Anyone looking at the video clip can see that Freyer’s visual sense is stunning. Whether or not he uses the visuals to complement the music and tell the story is hard to gauge in these snips that are out of context.

The Controversy Erupts

Two of the singers went to the press with concerns over the staging. The Los Angeles Times reported on May 15 that soprano Linda Watson (Brunnhilde) told Freyer to “just play one of my CDs.” Tenor John Treleaven (Siegfried) spoke of twisted ankles and injuries sustained working on the sharply raked stage. (Angled stages can be murder for the feet and lower back – the back muscles are essential in supporting the voice to be heard over Wagner’s orchestra).

Both Watson and Treleaven are fine artists with years of experience in their roles, and as you can imagine Brunnhildes and especially Siegfrieds are pretty rare. Most can just get through their roles. These two bring a lot more skill and talent than that to their performances. And Watson is a looker – which helps.

Have a look at another clip, from Freyer’s Los Angeles-bound production of Siegfried,  with Ms. Watson and Mr. Treleaven

Here’s the problem. The scenes,  for all the light show stuff still seem pretty dark.

Herbert von Karajan did his own lighting for the Ring. He demanded fifty lighting rehearsals (ka-ching!). One critic wagged, “I could have gotten it that dark in one!”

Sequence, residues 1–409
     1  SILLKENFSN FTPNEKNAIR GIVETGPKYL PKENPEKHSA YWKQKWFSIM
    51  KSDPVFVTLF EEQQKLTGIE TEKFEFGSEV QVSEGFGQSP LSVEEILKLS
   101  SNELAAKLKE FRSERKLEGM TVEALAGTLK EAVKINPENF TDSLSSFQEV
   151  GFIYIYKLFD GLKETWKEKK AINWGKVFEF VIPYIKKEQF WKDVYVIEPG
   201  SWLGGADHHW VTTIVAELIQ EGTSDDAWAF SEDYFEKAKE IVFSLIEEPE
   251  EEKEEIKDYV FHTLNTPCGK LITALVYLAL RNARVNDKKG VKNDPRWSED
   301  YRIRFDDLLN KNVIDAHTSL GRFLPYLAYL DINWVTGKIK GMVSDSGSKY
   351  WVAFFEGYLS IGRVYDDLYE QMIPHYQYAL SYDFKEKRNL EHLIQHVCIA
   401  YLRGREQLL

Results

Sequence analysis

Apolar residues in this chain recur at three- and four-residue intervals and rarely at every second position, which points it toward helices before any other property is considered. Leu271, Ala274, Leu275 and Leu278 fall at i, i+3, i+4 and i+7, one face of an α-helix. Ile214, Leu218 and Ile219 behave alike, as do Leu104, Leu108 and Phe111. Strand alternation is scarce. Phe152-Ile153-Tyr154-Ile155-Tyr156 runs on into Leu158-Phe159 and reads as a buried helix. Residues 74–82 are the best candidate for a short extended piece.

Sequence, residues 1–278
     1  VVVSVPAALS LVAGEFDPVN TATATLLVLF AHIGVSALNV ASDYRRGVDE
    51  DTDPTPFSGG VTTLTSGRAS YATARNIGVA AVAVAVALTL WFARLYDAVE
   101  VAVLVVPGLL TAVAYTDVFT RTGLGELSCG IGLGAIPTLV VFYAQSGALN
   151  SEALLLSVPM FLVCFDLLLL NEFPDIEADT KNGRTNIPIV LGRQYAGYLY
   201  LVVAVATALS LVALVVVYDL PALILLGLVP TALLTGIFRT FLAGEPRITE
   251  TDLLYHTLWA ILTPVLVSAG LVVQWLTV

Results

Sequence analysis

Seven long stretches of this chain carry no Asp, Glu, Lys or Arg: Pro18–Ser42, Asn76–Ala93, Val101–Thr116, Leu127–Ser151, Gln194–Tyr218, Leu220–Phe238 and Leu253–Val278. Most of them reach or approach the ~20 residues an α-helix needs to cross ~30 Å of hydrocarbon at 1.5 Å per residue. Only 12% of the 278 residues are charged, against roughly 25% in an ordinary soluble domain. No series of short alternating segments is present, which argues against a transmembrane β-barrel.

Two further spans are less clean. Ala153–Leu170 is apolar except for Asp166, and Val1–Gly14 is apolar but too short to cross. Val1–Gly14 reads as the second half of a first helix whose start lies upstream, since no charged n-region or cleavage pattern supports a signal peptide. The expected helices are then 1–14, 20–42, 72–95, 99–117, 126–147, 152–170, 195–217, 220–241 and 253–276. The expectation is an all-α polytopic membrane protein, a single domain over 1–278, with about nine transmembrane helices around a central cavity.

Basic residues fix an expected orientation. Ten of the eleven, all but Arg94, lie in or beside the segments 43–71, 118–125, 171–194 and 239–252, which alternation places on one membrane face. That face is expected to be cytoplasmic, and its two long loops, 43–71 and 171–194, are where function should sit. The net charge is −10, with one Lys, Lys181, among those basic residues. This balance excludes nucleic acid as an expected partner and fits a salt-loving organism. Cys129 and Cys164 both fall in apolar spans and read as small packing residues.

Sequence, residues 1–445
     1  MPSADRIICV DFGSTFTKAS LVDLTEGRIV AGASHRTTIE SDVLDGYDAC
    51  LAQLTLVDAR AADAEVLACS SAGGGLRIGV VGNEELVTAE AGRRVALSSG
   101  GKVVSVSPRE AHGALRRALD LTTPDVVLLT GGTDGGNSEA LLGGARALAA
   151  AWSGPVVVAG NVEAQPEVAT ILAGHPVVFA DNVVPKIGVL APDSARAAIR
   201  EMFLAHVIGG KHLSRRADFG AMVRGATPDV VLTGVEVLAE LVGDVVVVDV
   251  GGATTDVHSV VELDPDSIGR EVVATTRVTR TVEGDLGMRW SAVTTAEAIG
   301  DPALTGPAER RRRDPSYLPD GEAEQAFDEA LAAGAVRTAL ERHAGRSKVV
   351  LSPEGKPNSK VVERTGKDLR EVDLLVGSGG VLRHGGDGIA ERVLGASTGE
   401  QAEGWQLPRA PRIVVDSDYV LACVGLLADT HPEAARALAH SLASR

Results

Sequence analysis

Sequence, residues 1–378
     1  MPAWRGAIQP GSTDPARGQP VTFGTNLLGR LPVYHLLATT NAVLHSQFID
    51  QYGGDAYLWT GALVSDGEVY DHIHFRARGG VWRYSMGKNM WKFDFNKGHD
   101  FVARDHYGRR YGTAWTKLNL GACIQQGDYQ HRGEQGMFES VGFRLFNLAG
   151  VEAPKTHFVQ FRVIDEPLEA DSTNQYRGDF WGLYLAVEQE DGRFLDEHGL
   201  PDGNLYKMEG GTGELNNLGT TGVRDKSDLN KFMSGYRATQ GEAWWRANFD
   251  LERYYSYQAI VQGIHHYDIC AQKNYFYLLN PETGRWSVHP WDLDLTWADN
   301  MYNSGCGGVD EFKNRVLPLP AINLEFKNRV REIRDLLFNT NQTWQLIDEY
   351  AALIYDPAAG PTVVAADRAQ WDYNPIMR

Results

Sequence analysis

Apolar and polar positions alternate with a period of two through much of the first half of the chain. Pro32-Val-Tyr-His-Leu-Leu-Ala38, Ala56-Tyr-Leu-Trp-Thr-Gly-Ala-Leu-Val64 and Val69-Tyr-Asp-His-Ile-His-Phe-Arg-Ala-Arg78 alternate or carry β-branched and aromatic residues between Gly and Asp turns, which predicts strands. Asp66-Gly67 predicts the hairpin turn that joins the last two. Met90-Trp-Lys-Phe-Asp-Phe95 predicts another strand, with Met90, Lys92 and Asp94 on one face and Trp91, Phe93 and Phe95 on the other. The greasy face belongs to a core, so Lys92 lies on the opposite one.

Achim’s singers are often masked, muzzling the artists and denying the audience any facial expression. The singers, the actors, the artists become incidental to the visual effects, not the integral parts of the drama as conceived by Wagner.

An emphasis on lighting is nothing new. Bayreuth in 1890 was awash in kerosene lamps.  Wieland Wagner’s Parsifal in 1950 enthralled the opera world with its lighting effects,  made necessary by a lack of lumber and materiel in post-war Germany.

Long are the fights and rants since Ms. Watson and Mr. Treleaven went public.  They have not been replaced as of this date and neither has Mr. Freyer. The Classical Singers message board is ferrying opinions. The readers’ feedback page of the LA Times make the singers out to be heroes or crybabies.

Watson and Treleaven spoke bluntly of concerns for their own safety. No doubt a director not interested in character development and on-stage relationships based solely on words and music doesn’t help. So it would seem.

LA Opera board members have criticized the two singers. Last year, before all this brouhaha, Freyer said that singers concerns on stage “are not my problem.” Placido Domingo, who sings Siegmund in Die Walkure has stayed out of it. He has not supported his singers publicly and he has not dissed Mr. Freyer.

This Ring staging on his watch costs a reported $32 million. He needs to sell tickets. Controversy is good for ticket sales. Do the math.

I’ll sign off with one more video clip. Brunnhilde in Die Walkure would never so appear today, but the voice – Kirsten Flagstad! A voice like that would be immune to any staging, light shows, darkness or whatever.

You tell ‘em, girlfriend.

Wagner’s Ring cycle with Placido Domingo, Linda Watson and John Treleaven, conducted by James Conlon, opens at the Los Angeles Opera on May  29.

Comments
  • Tanya

    “Last year, before all this brouhaha, Freyer said that singers concerns on stage ‘are not my problem.’ ”

    No he didn’t. He said audience reaction was not his problem.